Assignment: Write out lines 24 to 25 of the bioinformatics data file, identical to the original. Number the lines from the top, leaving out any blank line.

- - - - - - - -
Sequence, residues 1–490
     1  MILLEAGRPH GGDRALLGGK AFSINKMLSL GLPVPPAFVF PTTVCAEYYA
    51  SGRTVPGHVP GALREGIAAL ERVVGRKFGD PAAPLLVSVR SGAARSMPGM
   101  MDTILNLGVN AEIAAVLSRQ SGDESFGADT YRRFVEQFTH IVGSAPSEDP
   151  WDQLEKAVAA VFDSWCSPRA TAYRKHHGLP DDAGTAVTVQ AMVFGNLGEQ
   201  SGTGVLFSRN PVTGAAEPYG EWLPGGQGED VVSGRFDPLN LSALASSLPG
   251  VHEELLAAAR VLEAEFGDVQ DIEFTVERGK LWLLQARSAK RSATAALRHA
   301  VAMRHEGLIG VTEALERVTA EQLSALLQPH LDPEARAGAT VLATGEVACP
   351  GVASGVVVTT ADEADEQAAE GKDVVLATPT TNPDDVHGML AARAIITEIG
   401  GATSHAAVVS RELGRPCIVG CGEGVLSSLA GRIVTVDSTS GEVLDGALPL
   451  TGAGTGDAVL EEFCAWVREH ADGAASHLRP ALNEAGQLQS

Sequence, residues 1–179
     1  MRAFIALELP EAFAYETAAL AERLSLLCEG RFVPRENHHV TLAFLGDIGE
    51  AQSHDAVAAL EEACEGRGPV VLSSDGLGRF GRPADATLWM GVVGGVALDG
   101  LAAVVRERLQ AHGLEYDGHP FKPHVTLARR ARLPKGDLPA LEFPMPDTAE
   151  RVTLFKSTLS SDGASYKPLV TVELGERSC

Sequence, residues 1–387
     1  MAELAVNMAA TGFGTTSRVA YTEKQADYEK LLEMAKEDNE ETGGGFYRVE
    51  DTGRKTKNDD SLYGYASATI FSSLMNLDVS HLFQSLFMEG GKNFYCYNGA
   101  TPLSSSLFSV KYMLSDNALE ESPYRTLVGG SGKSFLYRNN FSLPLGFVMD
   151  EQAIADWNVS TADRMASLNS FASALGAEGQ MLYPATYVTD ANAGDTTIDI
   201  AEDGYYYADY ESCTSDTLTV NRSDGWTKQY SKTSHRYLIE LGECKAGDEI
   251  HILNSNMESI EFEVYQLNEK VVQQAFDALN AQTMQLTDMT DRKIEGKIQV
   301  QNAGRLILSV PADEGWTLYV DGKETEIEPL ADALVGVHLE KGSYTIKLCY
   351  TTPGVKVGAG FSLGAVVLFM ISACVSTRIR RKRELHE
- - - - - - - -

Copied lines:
   301  QNAGRLILSV PADEGWTLYV DGKETEIEPL ADALVGVHLE KGSYTIKLCY
   351  TTPGVKVGAG FSLGAVVLFM ISACVSTRIR RKRELHE